In the Sermon on the Mount, Jesus gave his hearers admonishments if they ever found themselves being hit on the cheek… or sued for their overcoat… or forced to walk a mile.
These are significant things, right?
When was the last time anything like this happened to us?
When was the last time these things happened in your Bible study or church event? (If these do happen in your Bible study, I want to join)
Jesus either expected for his hearers to be in these types of situations or…
He was speaking hypothetically…
I don’t remember seeing in the Greek or English or Farsi Jesus saying, “Well, hypothetically speaking…”
Crowds don’t tend to hang around when speakers have a Ph.D in hypothetics.
Nah, Jesus expected his followers to be scattered in the complexities of everyday life. And, he expected that profound formation moments happen there.
So, why do we give the same prescription to everyone seeking to grow in their faith: attend yet another study.
Study is important for the Christian faith. But know-it-alls are awkward to be around, much like our friend who watches a documentary on the Grand Canyon, who can answer all of the trivia about the place… But who has never been there.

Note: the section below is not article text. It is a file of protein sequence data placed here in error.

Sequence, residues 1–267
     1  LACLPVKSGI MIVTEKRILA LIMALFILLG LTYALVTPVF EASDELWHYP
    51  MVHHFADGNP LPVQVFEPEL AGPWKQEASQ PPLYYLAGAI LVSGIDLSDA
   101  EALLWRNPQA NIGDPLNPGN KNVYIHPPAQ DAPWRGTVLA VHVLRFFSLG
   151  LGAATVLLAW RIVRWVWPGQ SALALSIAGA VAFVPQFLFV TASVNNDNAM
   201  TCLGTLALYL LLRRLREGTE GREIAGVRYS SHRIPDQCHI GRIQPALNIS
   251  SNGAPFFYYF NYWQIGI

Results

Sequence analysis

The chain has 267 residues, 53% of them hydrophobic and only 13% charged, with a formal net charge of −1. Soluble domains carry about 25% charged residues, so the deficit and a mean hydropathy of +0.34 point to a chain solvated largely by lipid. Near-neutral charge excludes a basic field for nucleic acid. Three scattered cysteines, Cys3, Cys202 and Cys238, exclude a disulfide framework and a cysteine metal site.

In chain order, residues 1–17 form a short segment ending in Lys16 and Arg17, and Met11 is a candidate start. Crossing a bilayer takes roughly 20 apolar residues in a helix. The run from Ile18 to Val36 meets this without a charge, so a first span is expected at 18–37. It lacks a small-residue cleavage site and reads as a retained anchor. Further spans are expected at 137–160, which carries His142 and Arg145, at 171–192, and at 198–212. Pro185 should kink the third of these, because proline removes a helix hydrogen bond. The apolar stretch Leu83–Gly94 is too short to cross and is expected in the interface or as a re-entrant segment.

Simply understanding and/or explaining the Christian faith is confusing, frustrating, and incomplete. Living into its rhythms, however, allows us to experience the wisdom of the ages and to experience life at its depth.
The Dos Equis “Most Interesting Man” Twitter handle recently tweeted “Dec 11, 1970- he went on a vacation and didn’t know it.”
Perhaps something like that is a sign that the Christian life is taking its shape within us, that we find ourselves enacting the Christian story so intentionally that it is 2nd nature to us.
That type of dynamic may not be practiced and noticed if our lives are enclosed within study after study, Christian bubble after Christian bubble, or sanitized setting after sanitized setting.
Get out there, or better yet, check out all of the opportunities that are already around you.
Stay thirsty, my friends.